be active in your faith
My brothers and sisters, what good is it if people say they have faith but do nothing to show it?
Claiming to have faith can’t save anyone, can it? James 2:14 CEB
You have big decisions & challenges
Nevertheless, you will persist.
I leave you with the words of the apostle Paul writing to the Philippian church,
I thank my God every time I mention you in my prayers. I’m thankful for all of you every time I pray, and it’s always a prayer full of joy. I’m glad because of the way you have been my partners in the ministry of the gospel from the time you first believed it until now. I’m sure about this: the one who started a good work in you will stay with you to complete the job by the day of Christ Jesus. Philippians 1:3-6 CEB
This was my final sermon at the Condon United Church of Christ, delivered Sunday, Feb. 19, 2017.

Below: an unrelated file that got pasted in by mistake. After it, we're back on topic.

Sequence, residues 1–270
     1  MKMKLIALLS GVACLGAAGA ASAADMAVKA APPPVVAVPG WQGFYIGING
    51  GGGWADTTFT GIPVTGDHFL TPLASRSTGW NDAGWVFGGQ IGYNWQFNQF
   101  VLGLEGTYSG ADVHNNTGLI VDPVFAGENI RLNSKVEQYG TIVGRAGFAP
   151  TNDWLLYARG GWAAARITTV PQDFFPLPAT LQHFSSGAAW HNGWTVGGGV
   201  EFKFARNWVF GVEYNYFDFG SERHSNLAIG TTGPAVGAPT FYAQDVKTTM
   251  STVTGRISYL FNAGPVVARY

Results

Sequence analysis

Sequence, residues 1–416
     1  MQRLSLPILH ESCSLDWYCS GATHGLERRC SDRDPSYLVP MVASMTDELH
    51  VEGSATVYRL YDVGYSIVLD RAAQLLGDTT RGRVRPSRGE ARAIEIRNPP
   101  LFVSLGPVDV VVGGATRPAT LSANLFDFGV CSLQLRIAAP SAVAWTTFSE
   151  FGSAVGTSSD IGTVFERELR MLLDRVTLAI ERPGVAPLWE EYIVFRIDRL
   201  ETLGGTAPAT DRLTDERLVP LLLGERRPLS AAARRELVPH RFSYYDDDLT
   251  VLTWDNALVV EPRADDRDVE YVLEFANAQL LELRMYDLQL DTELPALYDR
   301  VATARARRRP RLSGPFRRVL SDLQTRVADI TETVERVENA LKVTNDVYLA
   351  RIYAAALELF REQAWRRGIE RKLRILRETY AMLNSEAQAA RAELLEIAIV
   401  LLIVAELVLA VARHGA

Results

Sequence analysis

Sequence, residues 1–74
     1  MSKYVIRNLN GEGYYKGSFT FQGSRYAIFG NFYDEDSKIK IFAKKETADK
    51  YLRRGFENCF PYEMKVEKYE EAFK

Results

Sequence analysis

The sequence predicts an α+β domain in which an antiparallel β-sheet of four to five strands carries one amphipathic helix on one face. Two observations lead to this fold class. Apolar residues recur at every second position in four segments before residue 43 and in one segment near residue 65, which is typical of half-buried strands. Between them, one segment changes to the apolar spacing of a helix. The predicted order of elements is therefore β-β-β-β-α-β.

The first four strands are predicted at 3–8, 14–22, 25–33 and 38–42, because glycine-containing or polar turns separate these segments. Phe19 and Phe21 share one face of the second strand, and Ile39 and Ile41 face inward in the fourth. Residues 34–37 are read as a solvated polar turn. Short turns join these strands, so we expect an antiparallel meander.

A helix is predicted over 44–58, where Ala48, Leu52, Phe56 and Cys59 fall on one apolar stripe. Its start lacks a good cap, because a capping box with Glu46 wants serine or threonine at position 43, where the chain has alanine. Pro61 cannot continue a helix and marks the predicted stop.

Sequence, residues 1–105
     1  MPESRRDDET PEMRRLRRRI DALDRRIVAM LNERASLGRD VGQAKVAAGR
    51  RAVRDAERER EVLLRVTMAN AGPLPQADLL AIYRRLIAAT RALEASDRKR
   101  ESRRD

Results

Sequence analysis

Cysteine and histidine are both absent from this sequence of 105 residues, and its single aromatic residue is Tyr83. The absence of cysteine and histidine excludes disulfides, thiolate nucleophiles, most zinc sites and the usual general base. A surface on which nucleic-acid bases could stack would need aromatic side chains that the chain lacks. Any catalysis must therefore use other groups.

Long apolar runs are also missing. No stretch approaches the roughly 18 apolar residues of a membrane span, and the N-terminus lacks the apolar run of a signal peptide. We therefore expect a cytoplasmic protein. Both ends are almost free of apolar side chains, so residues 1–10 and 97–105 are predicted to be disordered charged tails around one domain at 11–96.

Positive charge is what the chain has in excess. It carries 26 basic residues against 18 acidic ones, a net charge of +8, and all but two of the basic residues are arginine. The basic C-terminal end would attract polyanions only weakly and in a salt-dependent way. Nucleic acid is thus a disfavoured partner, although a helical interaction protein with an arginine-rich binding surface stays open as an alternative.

I was disappointed that I was unable to significantly exceed my goal, a goal that seemed insurmountable a year ago. I recall saying as I signed up for the challenge, “I may not make it but I can try, can’t I?” I ran 1000 kilometers last year. (Actually, 1037k which is equivalent to 644 miles.)
Running 1000 kilometers in a year was a significant accomplishment for this fifty-seven year old man. I didn’t win any races (or run more than one) but I cannot forget the feelings of accomplishment intertwined with physical exhaustion on that hot summer morning when I ran 13.31 miles in less than two hours. For non-runners, that’s a half-marathon. That’s better than a nine minute mile.
So, why was I disappointed that I did not significantly exceed my 1000k goal? I think my disappointment was tangled up with my injury discouragement. Between mid-September and late December I was on an injury-enforced hiatus. I lost one-quarter of the year to an injury I didn’t see coming. It felt like a personal attack.